Book pick: Common Prayer: A Liturgy for Ordinary Radicals by Shane Claiborne, Jonathan Wilson-Hartgrove, and Enuma Okoro


“Common Prayer: A Liturgy for Ordinary Radicals is a prayer book I’ve found myself turning to a lot throughout 2020 and 2021. It has daily scripture readings to be read throughout the day, prayers on different topics, and monthly action items. The prayers are poetic and traditional with a social justice perspective. It’s something that can be picked up at any time, any day when needing some inspiration.”


Mindy, Marketing & Design Specialist

Book pick: When Helping Hurts: How to Alleviate Poverty Without Hurting the Poor… and Yourself by Steve Corbett and Brian Fikkert

“When Helping Hurts does a great job of untangling the problem of poverty and unpacking how these issues typically require much more complex solutions than many people realize. The principles in this book (development > relief, sustainability > temporary solutions, and empowerment > dependency, for example) have helped to inform Blood:Water’s approach as well.”

Caitlyn, Development Coordinator

Book pick 1: Things Fall Apart by Chinua Achebe
Book pick 2: A Grain of Wheat by Ngugi wa Thiongo’o




“These are a couple of the books that have given me perspective on how important it is to consider the greater picture of who people in different parts of the world really are and listening to them. I have loved learning more about various African cultures and how they view the world, yet how we’re all so much more alike than we realize. Both beautiful pieces of fiction, Things Fall Apart is a trilogy based in Nigeria, and A Grain of Wheat is based in Kenya, where Blood:Water has been working since we started!”


Abby, Development Intern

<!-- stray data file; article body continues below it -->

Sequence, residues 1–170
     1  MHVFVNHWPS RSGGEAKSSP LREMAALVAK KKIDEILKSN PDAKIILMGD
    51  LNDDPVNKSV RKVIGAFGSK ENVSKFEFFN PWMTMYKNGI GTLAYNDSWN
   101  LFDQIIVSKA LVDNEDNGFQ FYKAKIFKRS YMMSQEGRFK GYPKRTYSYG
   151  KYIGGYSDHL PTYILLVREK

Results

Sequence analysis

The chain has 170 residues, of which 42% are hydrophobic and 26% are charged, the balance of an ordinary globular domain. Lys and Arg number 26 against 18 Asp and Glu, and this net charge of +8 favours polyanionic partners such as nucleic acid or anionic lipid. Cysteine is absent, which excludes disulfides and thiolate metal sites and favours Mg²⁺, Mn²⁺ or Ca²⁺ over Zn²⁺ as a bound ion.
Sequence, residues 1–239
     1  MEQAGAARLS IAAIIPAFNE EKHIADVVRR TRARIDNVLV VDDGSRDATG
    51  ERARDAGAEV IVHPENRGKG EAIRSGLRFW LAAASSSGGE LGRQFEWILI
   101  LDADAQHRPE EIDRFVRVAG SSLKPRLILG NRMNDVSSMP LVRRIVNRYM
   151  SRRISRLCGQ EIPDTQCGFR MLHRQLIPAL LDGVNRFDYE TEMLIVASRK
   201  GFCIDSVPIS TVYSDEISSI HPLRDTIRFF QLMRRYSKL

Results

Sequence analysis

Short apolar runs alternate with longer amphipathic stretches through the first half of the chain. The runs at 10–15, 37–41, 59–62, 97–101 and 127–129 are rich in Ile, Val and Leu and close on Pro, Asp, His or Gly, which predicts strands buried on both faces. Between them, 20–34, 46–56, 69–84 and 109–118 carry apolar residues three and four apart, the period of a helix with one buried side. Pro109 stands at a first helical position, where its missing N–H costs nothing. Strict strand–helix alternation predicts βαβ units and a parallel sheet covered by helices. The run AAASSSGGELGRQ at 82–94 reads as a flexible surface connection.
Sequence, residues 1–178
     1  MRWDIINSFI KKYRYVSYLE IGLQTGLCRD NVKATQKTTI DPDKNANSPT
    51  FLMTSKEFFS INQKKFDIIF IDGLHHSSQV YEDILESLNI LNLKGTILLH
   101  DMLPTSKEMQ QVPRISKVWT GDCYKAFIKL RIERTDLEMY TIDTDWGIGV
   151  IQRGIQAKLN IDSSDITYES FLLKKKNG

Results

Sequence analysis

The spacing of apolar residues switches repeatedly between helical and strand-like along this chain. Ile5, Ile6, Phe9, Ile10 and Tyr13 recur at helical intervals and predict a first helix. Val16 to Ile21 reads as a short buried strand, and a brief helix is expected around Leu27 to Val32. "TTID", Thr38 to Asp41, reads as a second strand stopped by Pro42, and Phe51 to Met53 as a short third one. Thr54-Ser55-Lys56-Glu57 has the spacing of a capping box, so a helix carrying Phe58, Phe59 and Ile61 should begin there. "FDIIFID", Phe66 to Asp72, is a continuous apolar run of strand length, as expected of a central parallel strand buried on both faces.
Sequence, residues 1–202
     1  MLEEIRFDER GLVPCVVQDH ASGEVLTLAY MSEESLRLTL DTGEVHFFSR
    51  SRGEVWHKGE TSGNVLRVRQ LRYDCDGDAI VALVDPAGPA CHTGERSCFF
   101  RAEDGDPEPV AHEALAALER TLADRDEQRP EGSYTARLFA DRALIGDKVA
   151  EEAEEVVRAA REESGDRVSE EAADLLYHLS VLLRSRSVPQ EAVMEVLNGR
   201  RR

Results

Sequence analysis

Book pick: Kisses from Katie: A Story of Relentless Love and Redemption by Katie Davis

“The most beautiful thing about Kisses from Katie is the way she writes about the people of Uganda. Katie makes it abundantly clear that every person deserves dignity. Whether young or old, healthy or sick, everyone deserves to be treated lovingly and with respect. This is what Blood:Water believes, as we come alongside our partners who do just this within their communities: sharing Christ’s love through their love and care for the vulnerable in sub-Saharan Africa.”


Book Pick: One Thousand Wells: How an Audacious Goal Taught Me to Love the World Instead of Save It by Jena Lee Nardella

One Thousand Wells is a memoir written by one of our co-founders that tells the story of her life and how Blood:Water was founded. We all read this book when we join the team and it gives such an honest, in-depth look into who we are as an organization and why we do what we do.

Book Pick: Lulu and the Long Walk by Dan Haseltine and Joel Schoon-Tanis

Written by our other co-founder, Lulu is a wonderful book to introduce your children to the water crisis in a way they can identify and engage with. It is also adorable and fun, even for adults as well!


Site Designed and Developed by 5by5 - A Change Agency